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What is Neurofeedback?

Neurofeedback is a biofeedback method that either displays real-time EEG data, or reacts to real-time EEG data (see Neurofeedback in 200 Words). This enables users to learn how to self-regulate their brains. Many people in public society have never even heard the word, nor do they understand what applications it has to offer.


Neurofeedback can be described as a technique used to train the brain’s electrical activity that utilizes concepts and strategies of biofeedback. Biofeedback and neurofeedback are similar in the aspect that they are both determined to operate through classical/operant conditioning mechanisms. These systems train the brain and body to more adequately regulate itself by implementing aids, such as real-time video, audio, and tactile information, that relay its measured electrical activity. This specific activity is typically assessed by placing electrodes on the surface of the body (constituting as biofeedback) or the head (constituting as neurofeedback).


In short, neurofeedback is method through which your brain is trained to bring its electrical activity back to a healthy, normalized level. The brain waves are measured in hertz (Hz), or the number of waves per second, using an EEG (or an electroencephalogram). The rhythm of the brain activity correlates with different types of frequency bands and stages of wakefulness that occur in an individual. For instance, if waves reach up to 4 Hz, these are called delta waves and the individual resides in a slow-wave sleep state. At 4-8 Hz, these are called theta waves and the individual is in a drowsy or inattentive state. Alpha waves occur between 8-12 Hz and are associated with a relaxed, wakeful state, while beta waves are between 12-30 Hz and constitute as an active, attentive state [1].

Neurofeedback and ADHD

Neurofeedback is considered as an experimental treatment for  ADHD. The particular waves we are interested in are found over the sensorimotor cortex of the brain – they are specifically called low beta activity (12-15 Hz) [1]. This is called the sensorimotor rhythm (SMR) and this SMR is particularly relevant to individuals with ADHD. SMR amplitude increases when related sensory-motor areas are in states of immobility. The amplitude decreases when correlated motor areas are in the midst of performing motor tasks. The summation of this description is essentially that SMR is a way to measure motor inhibition – the SMR is strongest during the most inhibition and is weakest during the least. There are various specific wave patterns, which are referred to as event-related potentials (ERPs). ERPs can also be identified and studied using an EEG. These event-related potentials are actually the brain’s underlying sensory and cognitive processing that occur in the form of an electrical representation. This electrical representation is the brain’s way of responding or reacting to some stimulus or event [1].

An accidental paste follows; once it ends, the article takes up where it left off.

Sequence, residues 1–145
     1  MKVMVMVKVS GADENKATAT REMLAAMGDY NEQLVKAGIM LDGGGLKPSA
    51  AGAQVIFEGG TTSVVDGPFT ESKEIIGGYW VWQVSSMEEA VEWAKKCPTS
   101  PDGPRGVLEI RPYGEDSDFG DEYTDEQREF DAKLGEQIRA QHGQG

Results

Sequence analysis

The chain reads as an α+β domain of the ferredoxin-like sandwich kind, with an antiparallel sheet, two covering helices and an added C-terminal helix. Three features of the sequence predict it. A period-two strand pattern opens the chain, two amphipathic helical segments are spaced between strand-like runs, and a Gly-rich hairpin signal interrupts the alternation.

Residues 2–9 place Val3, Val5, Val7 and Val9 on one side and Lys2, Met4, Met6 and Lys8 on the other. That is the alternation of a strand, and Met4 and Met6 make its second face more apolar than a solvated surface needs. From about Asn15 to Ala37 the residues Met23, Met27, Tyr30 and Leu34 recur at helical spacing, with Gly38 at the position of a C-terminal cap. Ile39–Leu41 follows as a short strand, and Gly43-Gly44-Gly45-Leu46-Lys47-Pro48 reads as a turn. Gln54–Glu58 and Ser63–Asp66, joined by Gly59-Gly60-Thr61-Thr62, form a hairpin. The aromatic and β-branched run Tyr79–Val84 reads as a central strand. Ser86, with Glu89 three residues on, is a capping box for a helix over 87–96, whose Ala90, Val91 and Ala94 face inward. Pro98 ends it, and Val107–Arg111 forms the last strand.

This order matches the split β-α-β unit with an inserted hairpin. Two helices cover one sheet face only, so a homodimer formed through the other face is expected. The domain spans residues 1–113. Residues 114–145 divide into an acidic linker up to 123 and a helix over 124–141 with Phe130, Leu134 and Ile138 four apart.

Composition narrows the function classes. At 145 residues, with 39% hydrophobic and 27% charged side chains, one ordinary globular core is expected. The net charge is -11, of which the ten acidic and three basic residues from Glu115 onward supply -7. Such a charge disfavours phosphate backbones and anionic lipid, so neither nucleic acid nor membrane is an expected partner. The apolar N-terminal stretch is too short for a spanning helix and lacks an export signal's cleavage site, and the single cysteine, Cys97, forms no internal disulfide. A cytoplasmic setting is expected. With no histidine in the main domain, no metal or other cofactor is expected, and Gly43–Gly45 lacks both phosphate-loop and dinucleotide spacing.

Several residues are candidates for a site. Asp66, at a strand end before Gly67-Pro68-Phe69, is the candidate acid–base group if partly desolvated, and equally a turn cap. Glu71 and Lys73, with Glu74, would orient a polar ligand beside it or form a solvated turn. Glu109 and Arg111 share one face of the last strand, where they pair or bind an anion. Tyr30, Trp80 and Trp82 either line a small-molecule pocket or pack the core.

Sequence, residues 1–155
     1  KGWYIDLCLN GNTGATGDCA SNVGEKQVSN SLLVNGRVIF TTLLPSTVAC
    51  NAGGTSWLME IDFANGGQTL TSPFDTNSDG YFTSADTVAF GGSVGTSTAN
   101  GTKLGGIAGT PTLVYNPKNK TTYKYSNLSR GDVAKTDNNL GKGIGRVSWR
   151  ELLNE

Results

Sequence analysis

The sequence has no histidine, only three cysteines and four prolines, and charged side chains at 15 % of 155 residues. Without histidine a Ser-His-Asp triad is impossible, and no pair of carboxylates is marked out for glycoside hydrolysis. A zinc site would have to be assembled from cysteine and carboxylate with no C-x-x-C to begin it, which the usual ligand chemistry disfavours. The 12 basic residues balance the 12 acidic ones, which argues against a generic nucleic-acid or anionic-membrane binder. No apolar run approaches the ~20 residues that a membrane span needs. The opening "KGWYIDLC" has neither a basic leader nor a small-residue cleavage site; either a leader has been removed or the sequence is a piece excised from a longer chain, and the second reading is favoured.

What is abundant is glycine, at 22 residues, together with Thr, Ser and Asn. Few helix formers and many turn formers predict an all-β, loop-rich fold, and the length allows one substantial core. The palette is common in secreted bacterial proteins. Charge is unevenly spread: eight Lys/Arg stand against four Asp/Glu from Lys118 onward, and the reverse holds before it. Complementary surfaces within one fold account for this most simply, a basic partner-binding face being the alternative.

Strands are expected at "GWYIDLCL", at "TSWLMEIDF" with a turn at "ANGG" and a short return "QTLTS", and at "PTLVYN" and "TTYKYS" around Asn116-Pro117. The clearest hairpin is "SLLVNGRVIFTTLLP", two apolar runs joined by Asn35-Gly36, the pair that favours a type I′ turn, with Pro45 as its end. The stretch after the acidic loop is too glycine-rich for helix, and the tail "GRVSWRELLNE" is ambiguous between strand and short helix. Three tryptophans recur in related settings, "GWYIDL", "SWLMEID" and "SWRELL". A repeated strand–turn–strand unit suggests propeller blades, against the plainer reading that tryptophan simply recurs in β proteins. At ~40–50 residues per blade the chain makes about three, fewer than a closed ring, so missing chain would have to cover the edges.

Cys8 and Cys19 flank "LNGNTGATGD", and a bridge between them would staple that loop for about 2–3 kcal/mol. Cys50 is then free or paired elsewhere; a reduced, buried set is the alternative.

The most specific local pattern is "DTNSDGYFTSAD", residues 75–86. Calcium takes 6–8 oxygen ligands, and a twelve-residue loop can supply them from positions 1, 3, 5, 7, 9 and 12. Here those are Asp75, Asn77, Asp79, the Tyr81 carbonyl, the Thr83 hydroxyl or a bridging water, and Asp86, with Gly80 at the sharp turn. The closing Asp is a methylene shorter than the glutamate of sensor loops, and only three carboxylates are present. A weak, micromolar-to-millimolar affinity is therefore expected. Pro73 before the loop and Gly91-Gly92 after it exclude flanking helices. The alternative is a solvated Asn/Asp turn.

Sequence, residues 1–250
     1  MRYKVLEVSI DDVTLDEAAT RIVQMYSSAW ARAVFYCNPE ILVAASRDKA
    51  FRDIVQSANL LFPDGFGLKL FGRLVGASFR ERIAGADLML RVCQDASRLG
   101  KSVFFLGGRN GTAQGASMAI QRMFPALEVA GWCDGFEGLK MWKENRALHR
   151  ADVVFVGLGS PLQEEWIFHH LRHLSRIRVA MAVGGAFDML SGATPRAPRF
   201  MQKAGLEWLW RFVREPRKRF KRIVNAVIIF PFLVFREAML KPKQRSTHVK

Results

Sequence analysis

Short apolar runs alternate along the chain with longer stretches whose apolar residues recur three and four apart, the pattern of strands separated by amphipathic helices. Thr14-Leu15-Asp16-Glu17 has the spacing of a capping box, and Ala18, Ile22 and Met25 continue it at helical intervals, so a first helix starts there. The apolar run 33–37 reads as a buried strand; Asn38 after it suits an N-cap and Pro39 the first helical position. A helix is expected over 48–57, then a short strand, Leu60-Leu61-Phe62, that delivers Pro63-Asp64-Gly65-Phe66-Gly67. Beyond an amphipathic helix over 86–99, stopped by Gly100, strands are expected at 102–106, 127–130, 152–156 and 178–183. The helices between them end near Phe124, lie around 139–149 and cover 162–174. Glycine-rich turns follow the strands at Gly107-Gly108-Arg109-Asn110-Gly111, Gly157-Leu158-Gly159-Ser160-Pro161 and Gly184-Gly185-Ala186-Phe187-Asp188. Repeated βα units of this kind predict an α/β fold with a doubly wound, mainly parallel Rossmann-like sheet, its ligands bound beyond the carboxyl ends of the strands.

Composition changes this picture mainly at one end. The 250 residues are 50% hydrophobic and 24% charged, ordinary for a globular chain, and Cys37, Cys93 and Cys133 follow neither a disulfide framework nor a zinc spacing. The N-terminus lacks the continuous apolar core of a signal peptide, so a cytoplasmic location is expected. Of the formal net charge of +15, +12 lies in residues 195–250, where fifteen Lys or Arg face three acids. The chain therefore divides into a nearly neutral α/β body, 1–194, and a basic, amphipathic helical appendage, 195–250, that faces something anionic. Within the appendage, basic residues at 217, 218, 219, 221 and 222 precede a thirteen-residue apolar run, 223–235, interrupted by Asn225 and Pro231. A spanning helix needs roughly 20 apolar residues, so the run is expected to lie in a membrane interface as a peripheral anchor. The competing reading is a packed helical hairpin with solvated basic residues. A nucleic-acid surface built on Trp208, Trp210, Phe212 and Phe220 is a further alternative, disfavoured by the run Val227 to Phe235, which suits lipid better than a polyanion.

neurofeedback and ADHD
Images courtesy of creative commons

An important group of ERPs are called slow cortical potentials (SCPs), which reflect the excitation threshold of large accumulations of cortical cells by directing current shifts of the EEG. When these currents shift in a negative direction, they are called the contingent negative variation (CNV) – this means that a reduction of the excitation threshold has been indicated and is speculated to correlate with cognitive preparation along with increased cortical activation of a network [1]. On the other hand, shifts in the positive direction demonstrate an increase of the excitation threshold and is related to inhibiting activation. Research conducted on SCPs has shown that children with inattention and hyperactivity have reduced cortical negativity (also termed a “deviant CNV) during cognitive preparation [1]. This conclusion suggests that the lack of engaging in SCP networks contributes to inadequate performance.

Courtesy of Creative Commons
Courtesy of Creative Commons

It has been theorized that core symptoms of ADHD, such as inattention, hyperactivity, and impulsivity, are correlated with this slow-wave activity and reduced cortical negativity [1]. Neuroimaging techniques also propose that ADHD is associated with areas of the brain accountable for sustaining attention, motor control and behavioral planning, such as smaller/potentially underaroused frontal lobes and other areas notably related. Assessments performed using positron emission tomography (PET) and single-photon emission computed tomography relay that there is also reduced blood flow and metabolism. This proposes electrophysiologic underarousal over central-midline and frontal cortical regions in roughly 80%-90% of those with ADHD [1].

From Brookhaven National Laboratory
From Brookhaven National Laboratory